Reflections on Devolution

I’ve had a thought about possible devolution solutions for England. As a Londoner I don’t think devolution has been particularly successful in London

Devolved power to local authorities

We definitely need decentralisation of power from Westminster. That’s a no brainer. I believe power should be given to regions. There is so much regional differentiation in England not only with services required, but also in terms of political opinion. I honestly don’t think an English Parliament is a good idea for this reason.

Devolved power to local authorities is the best solution, preferably at a regional level (Yorkshire and the Humber, East Anglia, etc.) The problem is one party will dominate a region and create unaccountable dictatorships. Devolved regional power is only possible if it goes hand in hand with proportional representation. This should provide a balance of powers and increase accountability.

An English Parliament?

As touched upon above, an English parliament is theoretically a great idea, but in practically is a little bizarre. A “First Minister for England” who represents over 80% of the population will have a disproportionate amount of authority at State Minister meetings. You’ll have people from Cornwall voting for decisions in Middlesborough, yet both have different concerns. The Prime Minister/Presidential figure will be a bit redundant next the English Minister. The PM will constantly say they shouldn’t be involved in regional decision making and spend most time attempting to influence foreign and EU policy instead.

Instead of a designated “English Parliament”, I believe devolved regional power with proportional representation is the best idea. An English Parliament is definitely not the solution.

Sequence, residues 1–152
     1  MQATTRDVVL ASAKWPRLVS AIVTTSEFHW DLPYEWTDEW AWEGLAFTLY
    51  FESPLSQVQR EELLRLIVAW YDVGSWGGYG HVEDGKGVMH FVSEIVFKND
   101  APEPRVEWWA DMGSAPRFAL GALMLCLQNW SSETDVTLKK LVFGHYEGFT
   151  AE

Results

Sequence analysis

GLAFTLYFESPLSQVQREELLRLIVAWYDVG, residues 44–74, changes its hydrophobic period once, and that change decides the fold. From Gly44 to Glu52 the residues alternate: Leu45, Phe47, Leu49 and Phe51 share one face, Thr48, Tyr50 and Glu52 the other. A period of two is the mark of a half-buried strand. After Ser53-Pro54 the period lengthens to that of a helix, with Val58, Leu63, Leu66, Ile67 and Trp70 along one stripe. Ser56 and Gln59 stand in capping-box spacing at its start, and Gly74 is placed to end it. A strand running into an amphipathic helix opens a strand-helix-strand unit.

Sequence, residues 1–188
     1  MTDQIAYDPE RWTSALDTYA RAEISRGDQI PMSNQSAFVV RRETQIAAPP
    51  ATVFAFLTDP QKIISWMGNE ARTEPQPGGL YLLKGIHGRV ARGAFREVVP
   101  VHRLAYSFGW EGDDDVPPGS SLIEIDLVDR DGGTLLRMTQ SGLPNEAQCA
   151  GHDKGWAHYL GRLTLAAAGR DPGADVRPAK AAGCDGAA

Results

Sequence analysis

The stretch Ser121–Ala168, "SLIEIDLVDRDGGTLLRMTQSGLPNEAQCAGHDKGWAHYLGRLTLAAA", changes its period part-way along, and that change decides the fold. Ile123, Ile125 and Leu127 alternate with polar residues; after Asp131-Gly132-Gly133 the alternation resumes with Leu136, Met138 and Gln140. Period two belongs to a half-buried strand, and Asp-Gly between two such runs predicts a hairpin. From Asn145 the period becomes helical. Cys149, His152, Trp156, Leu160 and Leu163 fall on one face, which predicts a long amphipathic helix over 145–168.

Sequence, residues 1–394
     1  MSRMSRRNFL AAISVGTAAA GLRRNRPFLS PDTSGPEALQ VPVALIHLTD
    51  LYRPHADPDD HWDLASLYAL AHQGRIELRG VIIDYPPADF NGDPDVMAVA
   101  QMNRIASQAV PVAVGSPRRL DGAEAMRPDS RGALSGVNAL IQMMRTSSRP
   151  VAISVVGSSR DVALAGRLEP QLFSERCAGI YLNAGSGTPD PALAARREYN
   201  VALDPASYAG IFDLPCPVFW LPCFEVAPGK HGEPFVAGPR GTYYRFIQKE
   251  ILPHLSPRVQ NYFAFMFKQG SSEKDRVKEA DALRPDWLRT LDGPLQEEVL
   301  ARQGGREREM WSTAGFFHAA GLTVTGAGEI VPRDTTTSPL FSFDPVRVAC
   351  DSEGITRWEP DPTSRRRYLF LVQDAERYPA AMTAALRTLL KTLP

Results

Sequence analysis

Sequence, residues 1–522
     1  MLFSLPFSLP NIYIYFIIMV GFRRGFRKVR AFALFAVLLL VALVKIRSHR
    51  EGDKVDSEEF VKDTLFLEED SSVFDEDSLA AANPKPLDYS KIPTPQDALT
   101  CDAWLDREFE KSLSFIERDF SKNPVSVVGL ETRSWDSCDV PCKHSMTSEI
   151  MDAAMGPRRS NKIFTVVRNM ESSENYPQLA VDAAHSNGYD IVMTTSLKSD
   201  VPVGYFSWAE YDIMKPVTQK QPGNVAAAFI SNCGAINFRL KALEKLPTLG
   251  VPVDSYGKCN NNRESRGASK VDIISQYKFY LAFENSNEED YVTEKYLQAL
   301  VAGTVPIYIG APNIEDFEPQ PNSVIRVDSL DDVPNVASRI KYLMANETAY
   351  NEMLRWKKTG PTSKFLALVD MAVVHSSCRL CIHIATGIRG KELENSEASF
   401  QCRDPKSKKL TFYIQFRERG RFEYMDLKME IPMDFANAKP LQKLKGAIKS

Is there even an appetite for change?

We attempted to increase regional devolution with elected mayor referenda. Most cities rejected the proposal and preferred the status quo. We attempted a fairer voting system. The people of the UK rejected the proposal and preferred the status quo.

Such a drastic constitutional change to the UK requires a referendum for people to decide the future. It is likely that will fail. People who vote in referenda like the status quo. Ironically, people who hate politics and want to change the system are unlikely to bother voting in a referendum. It’s a frustrating circle.

I predict some poorly thought out proposal to “fix” the problem will be thrown together in the next month. It won’t go far enough and it won’t solve the problem. UKIP will then start a scare mongering campaign about how the evil Scots and Welsh who are creating all your decisions. Nothing will change. Sorry.

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